Describe the processes that take place during a typical hospitalization, or emergency department visit for a consumer under the Affordable Care Act

Describe the processes that take place during a typical hospitalization, or emergency department visit for a consumer under the Affordable Care Act

Typical Hospitalization Or Emergency Department

Describe the processes that take place during a typical hospitalization, or emergency department visit for a consumer under the Affordable Care Act. From admission to discharge, including aftercare, rehab, and acquisition of medications; address the differences, with the same experience from before the ACA was passed into law?

Multiple databases (PubMed, ProQuest, Academic Search Elite and Science Direct) were searched using the following terms: emergency services/care/visits, emergency medicine, emergencies, emergency department use/utilization/visits, accidents, crowding/crowds, healthcare surveys, health service needs and demand, access block, ambulatory care/utilization, emergency room, frequent ED utilization/users, heat wave, influenza, homelessness, non-urgent visits, perception, regular source of care, predictors, emergency health-care system, health care reform, medicare, Australia, health insurance, insurance policies, and national health insurance.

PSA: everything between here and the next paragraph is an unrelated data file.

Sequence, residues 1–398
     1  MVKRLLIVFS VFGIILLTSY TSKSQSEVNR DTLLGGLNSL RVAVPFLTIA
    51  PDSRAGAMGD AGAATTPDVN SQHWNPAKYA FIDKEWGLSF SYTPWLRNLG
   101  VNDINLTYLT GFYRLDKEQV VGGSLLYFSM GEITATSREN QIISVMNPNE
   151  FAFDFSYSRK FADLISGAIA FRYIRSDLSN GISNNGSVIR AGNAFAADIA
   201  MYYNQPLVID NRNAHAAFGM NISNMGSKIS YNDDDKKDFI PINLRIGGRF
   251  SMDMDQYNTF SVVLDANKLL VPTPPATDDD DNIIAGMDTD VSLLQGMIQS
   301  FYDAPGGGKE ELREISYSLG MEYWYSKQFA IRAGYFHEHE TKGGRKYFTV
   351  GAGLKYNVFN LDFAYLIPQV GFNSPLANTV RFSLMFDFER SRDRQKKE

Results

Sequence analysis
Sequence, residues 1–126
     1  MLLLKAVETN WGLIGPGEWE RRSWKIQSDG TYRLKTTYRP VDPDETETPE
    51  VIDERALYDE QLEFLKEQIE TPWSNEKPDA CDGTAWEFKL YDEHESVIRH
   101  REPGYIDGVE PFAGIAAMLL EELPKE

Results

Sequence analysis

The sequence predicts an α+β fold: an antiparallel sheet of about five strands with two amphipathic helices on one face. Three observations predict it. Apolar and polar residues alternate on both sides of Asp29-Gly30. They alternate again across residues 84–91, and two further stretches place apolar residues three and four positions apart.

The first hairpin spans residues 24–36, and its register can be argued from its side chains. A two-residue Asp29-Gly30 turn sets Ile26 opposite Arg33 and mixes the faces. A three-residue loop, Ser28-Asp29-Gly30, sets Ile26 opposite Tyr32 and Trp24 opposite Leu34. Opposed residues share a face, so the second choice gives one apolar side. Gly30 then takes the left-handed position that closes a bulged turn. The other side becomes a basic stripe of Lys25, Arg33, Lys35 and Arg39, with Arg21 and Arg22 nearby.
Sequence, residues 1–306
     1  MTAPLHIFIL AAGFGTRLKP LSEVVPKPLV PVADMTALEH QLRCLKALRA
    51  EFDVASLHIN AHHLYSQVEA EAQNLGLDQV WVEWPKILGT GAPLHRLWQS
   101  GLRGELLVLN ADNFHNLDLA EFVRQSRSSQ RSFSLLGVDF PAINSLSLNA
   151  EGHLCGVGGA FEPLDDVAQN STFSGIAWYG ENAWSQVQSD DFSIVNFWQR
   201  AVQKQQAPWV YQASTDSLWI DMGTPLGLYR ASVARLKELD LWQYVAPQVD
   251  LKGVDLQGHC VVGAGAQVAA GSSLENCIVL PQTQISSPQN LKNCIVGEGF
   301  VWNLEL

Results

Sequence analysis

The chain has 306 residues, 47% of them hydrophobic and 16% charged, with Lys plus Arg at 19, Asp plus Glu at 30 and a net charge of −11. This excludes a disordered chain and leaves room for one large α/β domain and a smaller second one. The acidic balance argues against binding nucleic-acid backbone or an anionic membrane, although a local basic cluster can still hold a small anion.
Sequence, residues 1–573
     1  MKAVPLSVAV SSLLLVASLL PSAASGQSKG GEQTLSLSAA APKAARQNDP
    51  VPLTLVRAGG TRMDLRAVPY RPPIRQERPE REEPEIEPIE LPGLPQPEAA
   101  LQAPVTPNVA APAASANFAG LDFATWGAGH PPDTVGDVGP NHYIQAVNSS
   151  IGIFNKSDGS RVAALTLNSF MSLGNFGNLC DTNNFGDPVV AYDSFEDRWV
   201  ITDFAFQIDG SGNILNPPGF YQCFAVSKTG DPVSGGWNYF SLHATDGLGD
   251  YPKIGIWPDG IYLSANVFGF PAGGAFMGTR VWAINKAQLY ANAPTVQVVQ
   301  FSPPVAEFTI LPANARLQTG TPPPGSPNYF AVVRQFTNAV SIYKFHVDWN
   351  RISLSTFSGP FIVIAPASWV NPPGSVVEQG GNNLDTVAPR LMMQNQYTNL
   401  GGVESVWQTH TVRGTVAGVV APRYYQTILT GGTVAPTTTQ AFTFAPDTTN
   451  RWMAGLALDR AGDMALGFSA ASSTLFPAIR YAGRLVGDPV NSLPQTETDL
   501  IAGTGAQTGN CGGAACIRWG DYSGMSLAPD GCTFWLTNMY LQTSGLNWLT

In addition, seven leading international emergency medicine journals were searched for relevant articles. Annual reports from the Australian Bureau of Statistics, the Australasian College for Emergency Medicine, the Australian Institute of Health and Welfare, the Private Health Insurance Administration Council, the Productivity Commission, and the Queensland Ambulance Service were retrieved via Google. All titles and abstracts were screened by the research team for relevance to the question, and those that addressed the particular issue were examined in detail.

The search yielded 602 articles. Studies were excluded if they were for pediatric patients‘ ED utilization; ambulance utilization; health services not directly related to ED utilization; and psychiatric emergency services utilization. Studies published earlier than 1990 (except Andersen & Newman’s seminal work from 1973) or written in languages other than English were also excluded. This review was based on the remaining 100 articles. The vast majority of these derived from the USA, and therefore tended to reflect the particular environment of the US health system. All were examined for evidence of factors that influence demand or that explain the relationship between such factors. Particular attention was paid to those articles that may explain variances between private and public hospital utilization.

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